The critical temperature point (CTP) of fertility-sterility alternation of PTGMS lines refers to the change in pollen from fertile to sterile phase or vice verse at a given temperature point, and stable sterility duration (SSD) refers to the duration of time (days) keeping the pollen completely sterile at a given site (Virmani et al. 2003). These two parameters are important for the safety of two-line hybrid seed production at a given site. Feng39S has a relatively lower CPT (22 °C of daily mean temperature) and longer SSD (> 70 days), which may be one of the reasons why it is widely used in China. The two selected PTGMS lines (DB16206–34 and DB16206–38) bearing the Pi2 gene in the study have similar CTP and SSD as Feng39S (Table 4 and Fig. 4). This fully demonstrates the superiority of genome-wide background selection in MABC breeding programs. Previous studies revealed that two major dominant genes and minor polygenes were conditioning the CTP (He et al. 1999; Tao et al. 2003). MAS for CTP could not be adopted because the mechanism of CTP was still poorly understood (Jiang et al. 2015a; Jiang et al. 2015b; Mi et al. 2018). In our study, we also proposed a new strategy for developing PTGMS line by using another low CTP line as donor, contributing to breeding stable CTP lines without MAS because of the male-sterile of PTGMS trait were controlled by recessive genes, including the major or minor loci. Furthermore, because of no segregation of sterile trait, we need not perform genotypic selection for major loci such as pms3 and tms5 (Ding et al. 2012; Zhou et al. 2014), or phenotypic selection for pollen sterility at heading stage during almost all selective generations.

The characterization of the selected PTGMS lines and their derived hybrids showed that their yield, growth duration, main agronomic traits, and rice quality were almost the same as those of the recurrent parent and its derived hybrids (Tables 5, 6, and 7). In the trials of hybrids of six sites, the average data for each character were not significantly different by the T-test. Feng39S/9311, which was named Fengliangyou 4 in farmer production, has been one of the most popular two-line hybrids as one cropping type in the rice-growing areas of the middle and lower reaches of the Yangtze River, the largest rice-growing area in China in the past 10 years. DB16206–34/9311 or DB16206–38/9311 can be blast-resistant versions to replace Fengliangyou 4 for planting in farmer production. Feng39S/FXH No.1, named Fengliangyou Xiang 1, has been one of the most popular two-line hybrids as ratoon rice in the past 10 years in Hubei Province, China. DB16206–34/FXH No.1or DB16206–38/FXH No.1 can also be used as blast-resistant versions to replace Fengliangyou Xiang 1 for release. Our evaluation is the first successful case to apply MABC with genomics-based background selection to improve the blast resistance of PTGMS lines for two-line hybrid rice breeding.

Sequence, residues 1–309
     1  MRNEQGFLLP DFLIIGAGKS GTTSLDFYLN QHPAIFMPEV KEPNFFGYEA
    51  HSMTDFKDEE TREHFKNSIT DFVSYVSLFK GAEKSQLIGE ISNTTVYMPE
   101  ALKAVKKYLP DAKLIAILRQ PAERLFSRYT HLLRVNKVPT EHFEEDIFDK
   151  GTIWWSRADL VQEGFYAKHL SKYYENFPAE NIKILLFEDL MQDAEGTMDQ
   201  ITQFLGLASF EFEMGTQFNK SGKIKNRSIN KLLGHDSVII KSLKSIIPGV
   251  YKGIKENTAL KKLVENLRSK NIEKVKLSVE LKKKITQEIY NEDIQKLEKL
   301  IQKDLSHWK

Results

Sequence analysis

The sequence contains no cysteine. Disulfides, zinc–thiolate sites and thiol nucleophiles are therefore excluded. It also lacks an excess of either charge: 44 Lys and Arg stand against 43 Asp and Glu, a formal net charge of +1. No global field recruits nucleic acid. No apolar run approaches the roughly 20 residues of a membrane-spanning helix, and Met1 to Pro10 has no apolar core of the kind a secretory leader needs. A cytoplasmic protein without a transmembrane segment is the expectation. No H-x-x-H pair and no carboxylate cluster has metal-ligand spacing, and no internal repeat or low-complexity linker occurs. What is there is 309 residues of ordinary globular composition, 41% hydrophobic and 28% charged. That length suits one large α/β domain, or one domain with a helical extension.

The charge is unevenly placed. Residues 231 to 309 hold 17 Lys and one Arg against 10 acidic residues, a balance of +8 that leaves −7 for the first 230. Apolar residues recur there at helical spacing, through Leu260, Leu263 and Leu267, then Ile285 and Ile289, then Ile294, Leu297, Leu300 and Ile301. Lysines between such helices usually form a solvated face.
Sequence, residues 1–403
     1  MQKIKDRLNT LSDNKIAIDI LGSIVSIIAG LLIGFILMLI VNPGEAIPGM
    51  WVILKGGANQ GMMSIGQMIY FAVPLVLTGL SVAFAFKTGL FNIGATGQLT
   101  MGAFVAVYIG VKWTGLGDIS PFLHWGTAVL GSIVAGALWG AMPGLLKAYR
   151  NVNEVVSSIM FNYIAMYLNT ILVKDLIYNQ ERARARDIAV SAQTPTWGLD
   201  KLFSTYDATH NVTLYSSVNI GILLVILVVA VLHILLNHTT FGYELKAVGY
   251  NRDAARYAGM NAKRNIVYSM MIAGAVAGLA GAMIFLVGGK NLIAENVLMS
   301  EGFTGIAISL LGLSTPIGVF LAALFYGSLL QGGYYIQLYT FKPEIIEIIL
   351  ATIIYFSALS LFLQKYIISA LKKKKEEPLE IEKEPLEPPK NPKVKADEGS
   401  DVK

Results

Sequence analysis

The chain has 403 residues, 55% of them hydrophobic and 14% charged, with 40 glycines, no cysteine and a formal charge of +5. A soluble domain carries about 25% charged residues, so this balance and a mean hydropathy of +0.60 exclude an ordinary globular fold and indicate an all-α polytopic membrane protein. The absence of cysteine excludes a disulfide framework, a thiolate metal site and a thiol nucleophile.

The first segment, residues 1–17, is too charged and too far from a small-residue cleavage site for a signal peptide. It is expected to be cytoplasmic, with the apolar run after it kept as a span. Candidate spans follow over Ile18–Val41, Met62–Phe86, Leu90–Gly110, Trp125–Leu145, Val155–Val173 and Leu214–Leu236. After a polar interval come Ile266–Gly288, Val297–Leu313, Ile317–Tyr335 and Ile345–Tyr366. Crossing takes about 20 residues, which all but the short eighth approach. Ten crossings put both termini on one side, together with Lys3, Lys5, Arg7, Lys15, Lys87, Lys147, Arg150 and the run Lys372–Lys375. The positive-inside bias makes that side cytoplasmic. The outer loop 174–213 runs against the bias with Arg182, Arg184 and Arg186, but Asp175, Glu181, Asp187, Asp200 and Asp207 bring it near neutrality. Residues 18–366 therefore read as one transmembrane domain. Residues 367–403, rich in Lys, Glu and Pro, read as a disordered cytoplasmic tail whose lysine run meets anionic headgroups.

Materials and methods

Plant materials and the selection process

Hua1201S, which was developed from the offspring of Guangzhan63-4S4/VE6219, was an indica PTGMS line carrying Pi2 conferring broad-spectrum and high resistance to rice blast, and was used as a Pi2 gene donor parent (Mou et al. 2017). VE6219 was derived from ‘T10074/C101A51’ by MABC. ‘C101A51’ was a rice germplasm resource carrying Pi2 gene (Mackill and Bonman 1992). Our group developed several PTGMS lines against blast in past years, such as Hua1037S and Hua1228S (Jiang et al. 2015; Mi et al. 2018) through taking VE6219 as Pi2 donor. Feng39S was developed from Guangzhan63S through ion beam radiation by Hefei Fengle Seed Co., Ltd. (Zhou et al. 2012), and Guangzhan63S, Guangzhan63-4S, Feng39S and Hua1201S shares relatively similar genetic background in terms of pedigree resource, and differences in genomic proportions between Hua1201S and Feng39S has been shown in Additional file 3: Figure S3 Several two-line hybrid rice varieties were derived, released, and planted in a large area by using Feng39S as the female parent with high yield potential, combining ability, and rice quality, but susceptibility to blast. Feng39S was used as a recurrent parent (RP) in the study for improving its blast resistance by stacking the blast R gene Pi2 from Hua1201S through marker-assisted backcrossing. A cross was made between Hua1201S and Feng39S, and then two successive backcrossings and four generations of self-pollination were performed (Fig. 1). Foreground selection was conducted with tightly linked flanking InDel marker Pi2–4 and SSR marker HC28 for the presence of the Pi2 locus in each generation, and background selection was performed from BC1F1 to BC2F2 by using SSR markers and the RICE6K breeding chip (Yu et al. 2014). During background selection, the individual plants, possessing the highest genome recovery of recurrent parent, were selected according to the percentage of the number of markers consistent with the recipient parent (Feng39S) to the total number of detected markers, and then tested for RICE6K analysis.

DNA extraction, molecular markers, and PCR amplification